As previously posted I am working with the Vivarium team at Manchester Museum as part of the Mapping the Museum Project. One of the main objectives of the project involves illustrating the spatial distribution of 20+ amphibians and some reptiles to reflect all the species that live at the Vivarium. The tool selected for the final visualization was Google Earth as this is a freely available tool which anyone can download and use both at home or in a classroom.
The challenge…. To find a dataset where the spatial distribution of amphibians and reptiles have already been mapped.
The solution…. The International Union for Conservation of Nature (IUCN) 2013 Red List Spatial Data Download. This is a fabulous site allowing you to download for free a zip file containing a shapefile for all amphibians and reptiles. Other data is available too e.g mammals, corals, birds, marine fish, mangroves, seagrasses and cone snails.
The shapefile from IUCN can be viewed in a Geographical Information System (GIS) such as ArcGIS or the open source QGIS. In ArcGIS I opened up the attribute table for the ALL_AMPHIBIANS_NOV2013.shp file and used the Select by Attributes function to obtain all spatial location records for a particular species e.g. Oriental Fire-bellied Toad, Bombina orientalis. The selected data can then be exported as its own shapefile which I called bombina_orientalis.shp and can be viewed in ArcGIS.
Convert to KML
Keyhole Markup Language (KML) is defined by Wikipedia (2014) as ‘an XML notation for expressing geographic annotation and visualization within Internet-based, two-dimensional maps and three-dimensional Earth browsers’. KML is used for Google Earth visualization and hence the shapefile (bombina_orientalis.shp) needed to be converted to KML. Using the tool Layer to KML in ArcGIS I was able to convert the shapefile into KML and view the Oriental Fire-bellied Toad polygon in Google Earth.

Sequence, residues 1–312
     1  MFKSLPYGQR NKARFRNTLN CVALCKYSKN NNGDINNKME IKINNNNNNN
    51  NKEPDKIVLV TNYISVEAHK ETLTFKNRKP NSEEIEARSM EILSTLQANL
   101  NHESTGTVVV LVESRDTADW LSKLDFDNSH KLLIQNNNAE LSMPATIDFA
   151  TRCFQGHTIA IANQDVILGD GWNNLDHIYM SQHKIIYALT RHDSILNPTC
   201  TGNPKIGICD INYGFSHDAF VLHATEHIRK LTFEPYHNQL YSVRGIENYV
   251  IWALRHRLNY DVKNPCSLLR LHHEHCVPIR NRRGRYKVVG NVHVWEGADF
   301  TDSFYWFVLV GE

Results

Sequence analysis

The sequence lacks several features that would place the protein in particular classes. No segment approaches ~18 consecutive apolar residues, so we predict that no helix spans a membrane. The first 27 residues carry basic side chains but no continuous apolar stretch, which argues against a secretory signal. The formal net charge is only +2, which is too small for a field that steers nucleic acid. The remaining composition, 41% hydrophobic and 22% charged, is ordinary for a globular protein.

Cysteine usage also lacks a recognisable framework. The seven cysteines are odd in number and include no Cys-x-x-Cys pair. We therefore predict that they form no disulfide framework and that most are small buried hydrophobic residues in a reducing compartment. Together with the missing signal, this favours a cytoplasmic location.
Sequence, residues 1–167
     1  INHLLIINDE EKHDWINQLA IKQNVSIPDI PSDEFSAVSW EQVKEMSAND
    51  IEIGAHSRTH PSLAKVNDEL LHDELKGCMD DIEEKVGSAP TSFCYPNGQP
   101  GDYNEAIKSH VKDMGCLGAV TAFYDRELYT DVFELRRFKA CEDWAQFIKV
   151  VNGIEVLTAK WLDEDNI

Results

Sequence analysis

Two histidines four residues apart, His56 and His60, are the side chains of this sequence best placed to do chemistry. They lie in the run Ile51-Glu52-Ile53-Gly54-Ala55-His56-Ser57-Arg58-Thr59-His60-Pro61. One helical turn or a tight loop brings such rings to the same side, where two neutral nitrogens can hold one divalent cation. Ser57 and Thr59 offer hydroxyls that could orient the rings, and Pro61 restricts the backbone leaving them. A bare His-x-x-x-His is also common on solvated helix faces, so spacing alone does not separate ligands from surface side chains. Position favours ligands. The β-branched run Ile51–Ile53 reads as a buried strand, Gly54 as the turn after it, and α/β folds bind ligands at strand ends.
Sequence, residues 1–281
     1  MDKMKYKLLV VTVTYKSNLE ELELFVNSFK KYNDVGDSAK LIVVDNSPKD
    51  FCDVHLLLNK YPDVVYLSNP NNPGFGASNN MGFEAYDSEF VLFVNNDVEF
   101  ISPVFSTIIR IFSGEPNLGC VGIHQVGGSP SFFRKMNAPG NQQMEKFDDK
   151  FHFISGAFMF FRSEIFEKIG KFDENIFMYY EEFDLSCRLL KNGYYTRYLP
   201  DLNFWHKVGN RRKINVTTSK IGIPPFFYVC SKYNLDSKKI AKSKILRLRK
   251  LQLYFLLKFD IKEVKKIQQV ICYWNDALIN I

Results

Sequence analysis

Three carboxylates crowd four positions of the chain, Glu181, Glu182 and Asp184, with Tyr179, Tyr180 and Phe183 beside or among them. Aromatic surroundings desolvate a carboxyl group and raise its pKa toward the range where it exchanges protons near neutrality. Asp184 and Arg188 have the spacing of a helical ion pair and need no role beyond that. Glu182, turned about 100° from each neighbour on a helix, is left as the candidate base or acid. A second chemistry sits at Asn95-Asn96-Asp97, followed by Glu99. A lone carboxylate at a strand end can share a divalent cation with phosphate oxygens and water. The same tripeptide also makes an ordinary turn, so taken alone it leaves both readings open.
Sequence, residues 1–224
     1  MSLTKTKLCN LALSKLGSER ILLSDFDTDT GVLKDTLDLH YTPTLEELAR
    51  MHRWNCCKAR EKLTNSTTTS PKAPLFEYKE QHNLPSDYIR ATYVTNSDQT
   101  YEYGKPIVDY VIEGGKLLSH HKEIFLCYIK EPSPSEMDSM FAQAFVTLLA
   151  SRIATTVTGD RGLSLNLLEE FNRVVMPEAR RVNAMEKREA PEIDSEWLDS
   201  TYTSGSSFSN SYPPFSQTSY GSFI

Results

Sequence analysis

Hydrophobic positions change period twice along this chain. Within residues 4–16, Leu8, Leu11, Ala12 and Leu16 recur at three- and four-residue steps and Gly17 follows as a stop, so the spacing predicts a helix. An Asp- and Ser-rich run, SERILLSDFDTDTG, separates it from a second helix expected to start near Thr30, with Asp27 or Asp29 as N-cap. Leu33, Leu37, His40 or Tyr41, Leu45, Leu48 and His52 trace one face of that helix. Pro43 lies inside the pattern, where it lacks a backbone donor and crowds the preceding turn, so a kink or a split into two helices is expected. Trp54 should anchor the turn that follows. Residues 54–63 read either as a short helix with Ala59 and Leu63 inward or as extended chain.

The KML defines a string of geographic coordinates within the following tags: MultiGeometry, outerBoundaryIs, LinearRing, coordinates. The coordinates in Geo-Global (EPSG 4326) provide the location values required to visualize the spatial distribution of the Oriental Fire-bellied Toad (as shown above).
Additional information can then be provided about the species itself such as:
- Photograph of the amphibian/ reptile
- Conservation status – highlighted if a species is endangered
- Relevant link to the Frog Blog for example showing a video of the Fire-bellied Toad and the Vivarium’s conservation work for this species.
The methodology detailed above has been repeated for all species found at the Manchester Museum Vivarium. However for one particular species the Lemur Leaf Frog, Agalychnis lemur the spatial distribution from the IUCN (green polygon outlines on the map below) was edited by Andrew Gray, Curator of Herpetology, whereby he felt the red polygon outlines on the map below reflects the most up-to-date spatial extent for the critically endangered Lemur Leaf Frog, Agalychnis lemur.
The Virtual Vivarium App will be available to explore and try out at Manchester Museum’s Big Saturday: World of Reptiles 11:00 – 15:00 24 May 2014.